- With encouragement from the top, a culture prone to territorialism can turn to openness.
- A willingness to take on responsibility at all levels of the organisation begins with giving people easy-to-use and -understand tools that let them discover the data they need to do their job and communicate answers up to senior management with effective collaboration and visualisation tools. Traditional BI tools do not allow this, as they are focused on reporting with inflexible predefined queries, and require serious skills to operate.
- Fears about data security and integrity often hamper efforts to spread the power of analytics throughout the organisation. But people who object to that perhaps don't appreciate how widespread distribution and alteration of spreadsheet-based data is. It is important to note that business discovery tools using an app model don't allow changing of source data, only additions - which, if incorrect, only affects that user. And unlike spreadsheets, apps are automatically updated when source data is updated or corrected via administrative intervention. In addition, the app model provides extra data protection in the form of rights-based access as well as other data security and -integrity measures.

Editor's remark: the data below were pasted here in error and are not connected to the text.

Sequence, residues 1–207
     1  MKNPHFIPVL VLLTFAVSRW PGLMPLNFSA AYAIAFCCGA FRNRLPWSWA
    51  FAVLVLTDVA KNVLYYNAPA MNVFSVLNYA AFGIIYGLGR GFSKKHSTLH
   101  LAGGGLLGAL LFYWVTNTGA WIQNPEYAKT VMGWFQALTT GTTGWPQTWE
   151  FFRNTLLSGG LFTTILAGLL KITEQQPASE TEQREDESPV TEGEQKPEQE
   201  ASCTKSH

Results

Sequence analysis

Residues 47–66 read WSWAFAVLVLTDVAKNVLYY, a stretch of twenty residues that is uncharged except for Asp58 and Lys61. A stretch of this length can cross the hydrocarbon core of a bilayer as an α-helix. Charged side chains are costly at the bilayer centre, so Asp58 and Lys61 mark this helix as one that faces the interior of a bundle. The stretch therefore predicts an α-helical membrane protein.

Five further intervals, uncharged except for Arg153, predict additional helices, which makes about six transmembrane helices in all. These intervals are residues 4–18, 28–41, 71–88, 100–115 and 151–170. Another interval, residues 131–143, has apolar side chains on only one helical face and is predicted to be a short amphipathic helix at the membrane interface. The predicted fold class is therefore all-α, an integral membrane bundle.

The advice we usually give is to start small with business discovery tools that deliver quick results within a department or even workgroup, and to take it from there.
When the penny drops, it will be clear that there is no going back from a fact-based decision-making culture in which a far greater percentage of the organisation shares.
If information is power, getting rid of personal information fiefdoms by empowering a larger base of decision-makers will both allow better quality decisions and result in a more engaged workforce, enjoying greater responsibility, clout and happiness in the workplace.
Terry Smagh is vice president, South East North Asia, QlikView
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